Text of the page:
That means that when I go on Twitter, it is entirely unnecessary for people to be Tweeting the quotes that I just saw someone say on CNN or MSNBC or Fox or whatever channel I am watching over and over and over again, with no other substance in between. I watched the President give his speech this evening. Why was it necessary for me to then read the entire thing quoted on Twitter? I get it: the quote inspired you. THEN SAY THAT!

Or shut the fuck up.

Email Political Posters:

Shut the Fuck Up

I don’t get too many personal emails anymore. Now that we have social media and unlimited texting plans, it looks like email is going the way of the stamped letter.

When I do get emails, they are generally one of two kinds of emails:

(1) Some stupid shit animal or angel photos that have glitter and prayers and chain letter crap on them about how if I don’t forward it to 20 people I’ll die in the next week; or,

(2) Political diatribes.

These upset me because I feel like if you send an email to someone you know, it should be a little more personal and “how are you”/”I’m doing great!” Not a bunch of biased crap about, or in most cases against, any given political ideology. It hurts my feelings, actually. There are some people that I don’t hear from all year until it’s election time, and then they send me forty damn emails a day, my email included in the list of 200 others cc’d, with a bunch of impersonal, political crap.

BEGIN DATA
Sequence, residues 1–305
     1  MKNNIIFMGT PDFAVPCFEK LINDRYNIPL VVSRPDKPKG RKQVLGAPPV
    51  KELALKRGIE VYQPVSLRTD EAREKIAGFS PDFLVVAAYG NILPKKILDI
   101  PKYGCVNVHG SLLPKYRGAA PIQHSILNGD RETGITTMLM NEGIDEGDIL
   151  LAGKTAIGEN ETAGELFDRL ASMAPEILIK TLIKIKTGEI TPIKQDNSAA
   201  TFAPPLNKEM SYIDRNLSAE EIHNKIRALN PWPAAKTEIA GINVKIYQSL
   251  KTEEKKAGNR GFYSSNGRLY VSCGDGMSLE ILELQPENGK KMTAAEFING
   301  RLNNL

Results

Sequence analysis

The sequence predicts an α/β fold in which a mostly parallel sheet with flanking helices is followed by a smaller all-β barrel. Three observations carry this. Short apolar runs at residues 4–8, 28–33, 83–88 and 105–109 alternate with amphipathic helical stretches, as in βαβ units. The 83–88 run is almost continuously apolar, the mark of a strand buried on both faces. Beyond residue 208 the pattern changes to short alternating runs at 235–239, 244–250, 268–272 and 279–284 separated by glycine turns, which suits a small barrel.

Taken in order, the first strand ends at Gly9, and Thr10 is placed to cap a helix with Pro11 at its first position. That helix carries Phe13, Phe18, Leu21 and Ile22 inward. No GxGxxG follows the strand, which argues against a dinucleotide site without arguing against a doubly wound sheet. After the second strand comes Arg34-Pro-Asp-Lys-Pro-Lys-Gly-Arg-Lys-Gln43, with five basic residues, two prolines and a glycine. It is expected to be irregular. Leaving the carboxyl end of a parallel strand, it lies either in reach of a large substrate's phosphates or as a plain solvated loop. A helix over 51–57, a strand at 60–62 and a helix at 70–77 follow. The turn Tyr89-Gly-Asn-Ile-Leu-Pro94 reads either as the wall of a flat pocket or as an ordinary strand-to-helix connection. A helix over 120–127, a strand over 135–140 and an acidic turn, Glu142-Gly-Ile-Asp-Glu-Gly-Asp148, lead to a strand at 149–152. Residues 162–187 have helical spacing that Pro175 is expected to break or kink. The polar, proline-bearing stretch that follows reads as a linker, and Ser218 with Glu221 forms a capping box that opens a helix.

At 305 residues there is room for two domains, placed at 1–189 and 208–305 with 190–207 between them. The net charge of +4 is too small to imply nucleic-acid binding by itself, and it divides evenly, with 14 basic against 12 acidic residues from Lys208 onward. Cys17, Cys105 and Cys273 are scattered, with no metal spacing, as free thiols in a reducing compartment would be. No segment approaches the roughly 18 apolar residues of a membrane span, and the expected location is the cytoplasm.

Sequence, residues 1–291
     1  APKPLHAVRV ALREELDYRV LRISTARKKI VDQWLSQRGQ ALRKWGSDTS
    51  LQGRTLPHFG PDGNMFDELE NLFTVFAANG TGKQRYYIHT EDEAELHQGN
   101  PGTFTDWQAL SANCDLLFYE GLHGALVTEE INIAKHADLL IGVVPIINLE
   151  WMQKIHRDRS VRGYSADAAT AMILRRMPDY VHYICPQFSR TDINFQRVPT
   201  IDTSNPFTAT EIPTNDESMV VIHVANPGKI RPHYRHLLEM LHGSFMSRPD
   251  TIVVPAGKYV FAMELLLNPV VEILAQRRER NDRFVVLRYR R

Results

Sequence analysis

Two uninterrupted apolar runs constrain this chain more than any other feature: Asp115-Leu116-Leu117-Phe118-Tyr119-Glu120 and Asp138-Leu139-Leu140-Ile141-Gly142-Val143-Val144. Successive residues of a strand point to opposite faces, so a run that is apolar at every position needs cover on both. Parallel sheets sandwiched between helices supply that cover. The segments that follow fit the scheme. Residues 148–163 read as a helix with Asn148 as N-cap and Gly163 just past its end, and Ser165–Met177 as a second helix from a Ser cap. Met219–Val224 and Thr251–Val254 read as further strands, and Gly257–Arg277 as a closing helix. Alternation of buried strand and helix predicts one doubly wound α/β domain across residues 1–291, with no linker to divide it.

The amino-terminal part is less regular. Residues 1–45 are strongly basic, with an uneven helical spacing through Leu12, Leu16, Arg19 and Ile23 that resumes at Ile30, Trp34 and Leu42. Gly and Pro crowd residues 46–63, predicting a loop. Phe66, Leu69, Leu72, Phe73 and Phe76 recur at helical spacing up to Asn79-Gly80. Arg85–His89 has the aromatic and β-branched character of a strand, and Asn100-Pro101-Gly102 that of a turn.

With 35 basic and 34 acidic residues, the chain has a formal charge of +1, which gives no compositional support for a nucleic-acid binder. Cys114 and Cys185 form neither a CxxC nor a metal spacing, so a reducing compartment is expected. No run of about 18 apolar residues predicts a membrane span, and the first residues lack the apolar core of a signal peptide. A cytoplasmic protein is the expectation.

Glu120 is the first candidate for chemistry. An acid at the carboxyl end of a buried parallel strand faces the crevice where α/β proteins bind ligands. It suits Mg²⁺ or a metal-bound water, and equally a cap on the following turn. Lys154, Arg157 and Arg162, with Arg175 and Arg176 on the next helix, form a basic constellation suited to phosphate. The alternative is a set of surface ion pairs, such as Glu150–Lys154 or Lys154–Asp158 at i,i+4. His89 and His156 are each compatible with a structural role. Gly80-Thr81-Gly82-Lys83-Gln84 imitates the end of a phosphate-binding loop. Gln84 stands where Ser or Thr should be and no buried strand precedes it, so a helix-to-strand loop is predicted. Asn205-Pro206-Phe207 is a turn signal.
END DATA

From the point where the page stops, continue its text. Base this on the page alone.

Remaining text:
Seriously, email political posters: take the time to send a sincere email to me once in a while amidst all your politico crap, or shut the fuck up.

That about concludes our Shut the Fuck Up Friday! Now that the games have officially begun, may we all bury our heads in the sand until November 6th has come and gone. I’m sure by now you are all wondering where I stand on the issues, despite my disgust for political posters. Because I’m a woman and pretty mouthy, am I a Democrat? I used to work for them. When I quit because of the local party’s corruption, did I become a Republican? They’re just as bad. I’m not really sure where I stand. Maybe on the issues, where we all should.

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This post has sadly been removed due to publication and copyright laws. You can still read it, though, by buying B(itch) Against the World for unlimited viewing, plus more great and new posts from 2011. And it’s only $2.99! Click the picture of the cover for more details!

 


Body Odor